UNITED NATIONS (Reuters) - The U.N. Security Council agreed on a statement on Sunday urging Israel, Palestinians and Islamist Hamas militants to implement a humanitarian truce beyond the Muslim holiday of Eid al-Fitr and engage in efforts to achieve a durable ceasefire.
The statement expresses strong support for "an immediate and unconditional humanitarian ceasefire, allowing for the delivery of urgently needed assistance" in Gaza, where Israeli troops and Hamas have been fighting for nearly three weeks.
All 15 council members had agreed on the statement, diplomats said, and it would be formally adopted at a midnight meeting on Sunday.
Gaza Strip residents and Reuters witnesses said Israeli shelling and Hamas missile launches slowly subsided on Sunday, suggesting a de facto truce might be taking shape ahead of the Eid al-Fitr holiday, which begins on Monday.
The Security Council statement, drafted by Jordan, "urged all parties to accept and fully implement the humanitarian ceasefire into the Eid period and beyond" and "calls on parties to engage in efforts to achieve a durable and fully respected ceasefire, based on the Egyptian initiative."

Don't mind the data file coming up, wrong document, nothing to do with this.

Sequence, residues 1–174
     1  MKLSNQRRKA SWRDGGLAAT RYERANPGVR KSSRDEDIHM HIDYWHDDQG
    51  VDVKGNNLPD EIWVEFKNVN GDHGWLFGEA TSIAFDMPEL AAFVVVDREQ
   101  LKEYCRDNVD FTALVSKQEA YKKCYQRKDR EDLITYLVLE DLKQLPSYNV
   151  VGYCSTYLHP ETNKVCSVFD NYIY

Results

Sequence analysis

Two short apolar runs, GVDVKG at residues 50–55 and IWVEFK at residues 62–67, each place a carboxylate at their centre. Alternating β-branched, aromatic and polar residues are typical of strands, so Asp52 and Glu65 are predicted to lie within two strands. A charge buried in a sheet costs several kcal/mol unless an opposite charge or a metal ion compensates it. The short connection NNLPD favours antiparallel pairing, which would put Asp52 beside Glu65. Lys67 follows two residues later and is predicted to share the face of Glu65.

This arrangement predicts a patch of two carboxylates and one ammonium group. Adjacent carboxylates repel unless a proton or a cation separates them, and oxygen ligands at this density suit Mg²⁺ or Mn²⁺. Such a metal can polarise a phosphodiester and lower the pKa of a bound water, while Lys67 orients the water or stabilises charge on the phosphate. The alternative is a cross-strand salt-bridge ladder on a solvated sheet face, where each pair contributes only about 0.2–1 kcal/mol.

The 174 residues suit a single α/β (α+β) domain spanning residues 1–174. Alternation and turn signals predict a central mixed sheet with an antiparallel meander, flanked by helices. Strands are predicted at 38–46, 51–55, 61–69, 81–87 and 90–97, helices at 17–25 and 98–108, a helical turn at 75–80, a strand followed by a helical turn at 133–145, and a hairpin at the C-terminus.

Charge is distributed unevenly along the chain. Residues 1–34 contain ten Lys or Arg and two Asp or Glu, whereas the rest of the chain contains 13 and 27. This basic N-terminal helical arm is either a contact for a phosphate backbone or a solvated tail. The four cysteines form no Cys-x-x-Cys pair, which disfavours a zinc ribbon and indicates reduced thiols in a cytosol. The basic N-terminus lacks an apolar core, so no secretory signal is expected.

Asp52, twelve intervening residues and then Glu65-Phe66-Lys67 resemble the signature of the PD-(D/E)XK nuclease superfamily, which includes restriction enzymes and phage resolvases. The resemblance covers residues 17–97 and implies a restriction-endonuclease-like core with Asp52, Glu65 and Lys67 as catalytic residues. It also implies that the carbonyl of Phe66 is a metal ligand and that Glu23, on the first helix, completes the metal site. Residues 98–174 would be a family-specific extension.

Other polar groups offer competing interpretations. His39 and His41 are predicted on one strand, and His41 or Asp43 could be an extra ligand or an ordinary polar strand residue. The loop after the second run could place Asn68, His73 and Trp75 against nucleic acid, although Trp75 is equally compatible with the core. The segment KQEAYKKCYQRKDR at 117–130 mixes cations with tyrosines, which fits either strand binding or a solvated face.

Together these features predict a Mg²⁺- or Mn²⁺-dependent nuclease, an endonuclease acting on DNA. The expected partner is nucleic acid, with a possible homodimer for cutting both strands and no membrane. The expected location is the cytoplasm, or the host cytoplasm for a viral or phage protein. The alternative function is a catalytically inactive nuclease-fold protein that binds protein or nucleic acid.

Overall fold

Diplomatic efforts led by U.S. Secretary of State John Kerry to end the conflict have shown little sign of progress. Israel and Hamas have set conditions that appear irreconcilable.
The council commended the efforts of Kerry and United Nations Secretary-General Ban Ki-moon, who spent last week in the Middle East trying to help broker an end to the fighting.
Some 1,031 Palestinians, mainly civilians and many of them children, have been killed in the 20-day conflict. Israel says 43 of its soldiers have died, along with three civilians killed by rocket and mortar fire out of the Mediterranean enclave.
Israel launched its Gaza offensive on July 8, saying its aim was to halt rocket attacks by Hamas and its allies.
The Security Council expressed "grave concern regarding the deterioration in the situation as a result of the crisis related to Gaza and the loss of civilian lives and casualties" and "reiterates the need to take appropriate steps to ensure the safety and well-being of civilians and their protection."
It "emphasizes that civilian and humanitarian facilities, including those of the U.N., must be respected and protected."
A United Nations-run school in Gaza was attacked last week and the Gaza health ministry said at least 15 civilians had been killed and some 200 wounded. Rockets have also twice been found hidden in vacant U.N. schools during the conflict.
(Editing by Paul Tait)